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WIN ONE, LOSE SOME

The to-do list method for people with busy lives and short attention spans

A journalist uses a pencil in a notepad
Reuters/Michael Dalder
Simple.
  • Lila MacLellan
By Lila MacLellan

Quartz at Work reporter

Published Last updated on This article is more than 2 years old.

Productivity science is generally unkind to standard to-do lists. We’re told that they feed the impulses of our faulty brains in all the wrong ways.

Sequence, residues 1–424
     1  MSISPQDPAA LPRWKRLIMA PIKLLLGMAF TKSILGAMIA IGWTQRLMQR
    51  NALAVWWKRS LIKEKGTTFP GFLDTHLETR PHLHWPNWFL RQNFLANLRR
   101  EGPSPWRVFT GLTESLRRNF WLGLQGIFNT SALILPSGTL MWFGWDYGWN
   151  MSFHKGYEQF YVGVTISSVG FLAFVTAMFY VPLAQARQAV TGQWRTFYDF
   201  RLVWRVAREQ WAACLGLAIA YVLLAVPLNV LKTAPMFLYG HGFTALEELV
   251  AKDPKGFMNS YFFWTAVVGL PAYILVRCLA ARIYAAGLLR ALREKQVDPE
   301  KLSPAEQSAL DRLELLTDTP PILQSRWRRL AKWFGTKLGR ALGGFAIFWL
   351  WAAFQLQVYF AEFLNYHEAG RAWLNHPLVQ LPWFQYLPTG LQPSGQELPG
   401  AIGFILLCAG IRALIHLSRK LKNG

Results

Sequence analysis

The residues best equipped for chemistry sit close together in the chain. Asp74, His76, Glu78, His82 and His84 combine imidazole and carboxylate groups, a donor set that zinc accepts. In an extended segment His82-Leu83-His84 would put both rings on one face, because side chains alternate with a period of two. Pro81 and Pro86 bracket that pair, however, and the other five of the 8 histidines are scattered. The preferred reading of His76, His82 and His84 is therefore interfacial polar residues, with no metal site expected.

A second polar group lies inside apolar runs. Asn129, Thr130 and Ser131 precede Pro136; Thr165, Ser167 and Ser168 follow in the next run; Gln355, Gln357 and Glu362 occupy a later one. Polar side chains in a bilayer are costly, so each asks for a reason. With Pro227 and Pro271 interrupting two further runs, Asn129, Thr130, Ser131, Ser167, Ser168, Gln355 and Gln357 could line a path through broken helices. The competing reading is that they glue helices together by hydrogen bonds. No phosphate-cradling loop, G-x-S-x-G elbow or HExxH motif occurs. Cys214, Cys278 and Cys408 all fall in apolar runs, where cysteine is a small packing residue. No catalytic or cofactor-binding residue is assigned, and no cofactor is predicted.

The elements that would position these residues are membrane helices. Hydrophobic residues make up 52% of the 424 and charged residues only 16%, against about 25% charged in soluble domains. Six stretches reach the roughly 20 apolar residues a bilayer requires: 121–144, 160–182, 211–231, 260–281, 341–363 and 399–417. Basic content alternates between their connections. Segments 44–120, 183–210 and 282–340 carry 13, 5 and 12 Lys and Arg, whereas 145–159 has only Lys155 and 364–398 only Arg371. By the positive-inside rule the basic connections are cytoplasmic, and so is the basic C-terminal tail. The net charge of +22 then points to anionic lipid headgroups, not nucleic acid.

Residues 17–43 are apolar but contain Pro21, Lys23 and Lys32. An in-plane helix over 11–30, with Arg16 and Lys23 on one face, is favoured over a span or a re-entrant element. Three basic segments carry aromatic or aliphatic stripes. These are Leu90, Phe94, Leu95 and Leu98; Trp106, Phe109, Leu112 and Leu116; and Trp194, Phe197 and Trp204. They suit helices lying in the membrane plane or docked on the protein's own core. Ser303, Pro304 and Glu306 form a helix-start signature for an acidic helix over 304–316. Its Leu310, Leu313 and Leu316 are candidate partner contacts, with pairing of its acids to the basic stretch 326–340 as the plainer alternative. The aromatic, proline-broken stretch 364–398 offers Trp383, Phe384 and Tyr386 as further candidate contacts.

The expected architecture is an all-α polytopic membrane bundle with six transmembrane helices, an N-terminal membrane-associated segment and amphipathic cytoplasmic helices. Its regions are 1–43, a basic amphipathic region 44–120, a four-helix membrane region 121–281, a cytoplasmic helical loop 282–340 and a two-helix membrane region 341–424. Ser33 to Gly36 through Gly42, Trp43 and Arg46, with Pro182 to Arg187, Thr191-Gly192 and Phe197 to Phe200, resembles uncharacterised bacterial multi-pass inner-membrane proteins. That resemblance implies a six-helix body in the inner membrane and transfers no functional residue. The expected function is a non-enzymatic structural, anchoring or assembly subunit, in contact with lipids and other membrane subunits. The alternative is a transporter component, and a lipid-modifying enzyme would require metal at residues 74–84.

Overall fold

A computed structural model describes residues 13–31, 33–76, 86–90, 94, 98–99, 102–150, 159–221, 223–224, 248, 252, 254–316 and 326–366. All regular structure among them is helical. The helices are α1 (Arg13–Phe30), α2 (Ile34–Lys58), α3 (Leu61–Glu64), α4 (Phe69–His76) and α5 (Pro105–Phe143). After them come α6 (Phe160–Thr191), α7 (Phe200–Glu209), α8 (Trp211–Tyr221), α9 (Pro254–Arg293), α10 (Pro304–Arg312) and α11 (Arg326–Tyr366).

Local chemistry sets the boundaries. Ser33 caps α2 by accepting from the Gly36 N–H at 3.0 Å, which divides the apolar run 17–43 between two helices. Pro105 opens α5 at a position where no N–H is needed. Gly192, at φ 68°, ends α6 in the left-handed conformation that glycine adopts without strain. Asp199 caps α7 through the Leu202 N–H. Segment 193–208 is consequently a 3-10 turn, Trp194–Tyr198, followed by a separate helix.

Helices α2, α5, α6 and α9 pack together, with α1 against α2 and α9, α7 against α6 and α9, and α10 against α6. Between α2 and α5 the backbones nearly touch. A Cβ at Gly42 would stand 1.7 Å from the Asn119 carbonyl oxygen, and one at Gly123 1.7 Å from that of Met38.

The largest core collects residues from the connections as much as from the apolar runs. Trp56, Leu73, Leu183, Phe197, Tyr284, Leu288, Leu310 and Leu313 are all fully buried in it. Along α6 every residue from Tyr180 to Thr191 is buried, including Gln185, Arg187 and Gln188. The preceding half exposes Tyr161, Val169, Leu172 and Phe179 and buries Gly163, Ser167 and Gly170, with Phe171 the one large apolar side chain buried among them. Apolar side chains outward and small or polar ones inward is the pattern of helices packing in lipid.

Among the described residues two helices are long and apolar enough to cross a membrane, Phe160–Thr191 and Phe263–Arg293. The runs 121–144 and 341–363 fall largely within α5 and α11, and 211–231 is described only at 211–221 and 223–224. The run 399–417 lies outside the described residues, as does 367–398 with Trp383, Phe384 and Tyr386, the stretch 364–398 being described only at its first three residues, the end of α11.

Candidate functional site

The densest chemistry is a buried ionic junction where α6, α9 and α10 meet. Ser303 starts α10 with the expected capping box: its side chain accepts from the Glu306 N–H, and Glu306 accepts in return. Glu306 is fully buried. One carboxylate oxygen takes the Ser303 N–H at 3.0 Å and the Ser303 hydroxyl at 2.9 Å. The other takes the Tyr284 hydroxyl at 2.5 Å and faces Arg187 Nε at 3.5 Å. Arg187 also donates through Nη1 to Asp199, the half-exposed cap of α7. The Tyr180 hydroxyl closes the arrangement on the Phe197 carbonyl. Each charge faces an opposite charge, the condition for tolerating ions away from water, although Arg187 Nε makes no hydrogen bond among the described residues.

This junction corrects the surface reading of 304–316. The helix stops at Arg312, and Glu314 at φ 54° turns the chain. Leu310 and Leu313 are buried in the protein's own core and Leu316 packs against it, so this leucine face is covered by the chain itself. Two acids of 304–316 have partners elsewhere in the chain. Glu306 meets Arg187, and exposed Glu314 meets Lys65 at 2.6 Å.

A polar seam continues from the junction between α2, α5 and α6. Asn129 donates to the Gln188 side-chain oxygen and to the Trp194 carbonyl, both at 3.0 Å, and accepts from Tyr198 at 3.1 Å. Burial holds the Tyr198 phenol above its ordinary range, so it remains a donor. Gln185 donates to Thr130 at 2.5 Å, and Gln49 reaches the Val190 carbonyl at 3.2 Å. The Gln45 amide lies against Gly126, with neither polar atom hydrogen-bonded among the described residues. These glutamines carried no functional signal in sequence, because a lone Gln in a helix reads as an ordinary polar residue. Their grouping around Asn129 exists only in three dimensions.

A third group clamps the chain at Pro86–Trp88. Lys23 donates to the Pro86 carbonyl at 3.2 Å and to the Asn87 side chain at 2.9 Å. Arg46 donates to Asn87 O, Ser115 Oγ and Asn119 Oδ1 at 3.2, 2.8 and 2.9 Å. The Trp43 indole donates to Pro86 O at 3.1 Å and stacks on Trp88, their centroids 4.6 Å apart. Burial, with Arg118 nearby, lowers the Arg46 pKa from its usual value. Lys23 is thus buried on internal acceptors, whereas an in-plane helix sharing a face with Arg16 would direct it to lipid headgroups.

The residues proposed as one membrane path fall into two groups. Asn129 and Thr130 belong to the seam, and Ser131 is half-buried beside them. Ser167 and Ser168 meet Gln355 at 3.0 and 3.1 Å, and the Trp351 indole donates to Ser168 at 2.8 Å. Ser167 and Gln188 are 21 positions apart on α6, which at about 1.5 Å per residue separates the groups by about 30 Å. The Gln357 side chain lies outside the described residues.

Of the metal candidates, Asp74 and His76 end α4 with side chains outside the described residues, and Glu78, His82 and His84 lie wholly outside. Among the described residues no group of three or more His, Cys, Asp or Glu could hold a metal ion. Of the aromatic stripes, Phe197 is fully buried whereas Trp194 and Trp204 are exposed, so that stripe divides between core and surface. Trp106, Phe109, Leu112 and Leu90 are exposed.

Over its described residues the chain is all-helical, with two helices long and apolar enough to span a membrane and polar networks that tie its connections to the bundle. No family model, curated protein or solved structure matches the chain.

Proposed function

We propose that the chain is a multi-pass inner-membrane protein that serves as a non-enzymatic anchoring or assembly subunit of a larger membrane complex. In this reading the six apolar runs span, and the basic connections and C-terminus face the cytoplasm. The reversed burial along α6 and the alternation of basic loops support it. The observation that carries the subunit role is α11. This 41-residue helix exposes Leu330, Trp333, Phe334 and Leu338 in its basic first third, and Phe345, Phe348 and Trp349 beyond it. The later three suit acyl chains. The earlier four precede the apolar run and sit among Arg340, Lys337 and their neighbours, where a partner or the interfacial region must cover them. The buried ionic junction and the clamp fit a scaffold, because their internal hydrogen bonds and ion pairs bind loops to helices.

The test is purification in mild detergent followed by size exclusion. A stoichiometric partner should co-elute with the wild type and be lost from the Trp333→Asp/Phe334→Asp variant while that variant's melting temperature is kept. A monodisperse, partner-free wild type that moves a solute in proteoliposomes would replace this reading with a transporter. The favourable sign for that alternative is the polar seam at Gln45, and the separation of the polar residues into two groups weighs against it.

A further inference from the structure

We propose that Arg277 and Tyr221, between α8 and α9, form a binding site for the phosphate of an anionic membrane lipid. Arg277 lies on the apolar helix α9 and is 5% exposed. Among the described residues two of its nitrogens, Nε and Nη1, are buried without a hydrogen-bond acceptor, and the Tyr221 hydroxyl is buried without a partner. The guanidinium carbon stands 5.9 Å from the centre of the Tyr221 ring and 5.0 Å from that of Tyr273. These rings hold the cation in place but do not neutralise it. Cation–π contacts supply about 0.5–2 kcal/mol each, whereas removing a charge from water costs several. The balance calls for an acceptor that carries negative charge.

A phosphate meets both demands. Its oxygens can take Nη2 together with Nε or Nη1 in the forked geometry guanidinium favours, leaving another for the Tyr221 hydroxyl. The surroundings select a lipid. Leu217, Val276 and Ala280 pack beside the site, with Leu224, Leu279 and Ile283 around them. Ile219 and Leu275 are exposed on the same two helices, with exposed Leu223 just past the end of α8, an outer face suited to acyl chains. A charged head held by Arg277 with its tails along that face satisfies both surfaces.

They call our attention to tasks that are easy to quantify and thus easy to “complete.” They can allow small chores to feel more pressing and important than they are, making us prioritize those tasks that seem urgent (responding to email), when other, non-urgent projects would offer greater payoff (organizing your thoughts before a strategy meeting).

But we can’t get enough of the little brain-chemical kick that follows every checkmark.

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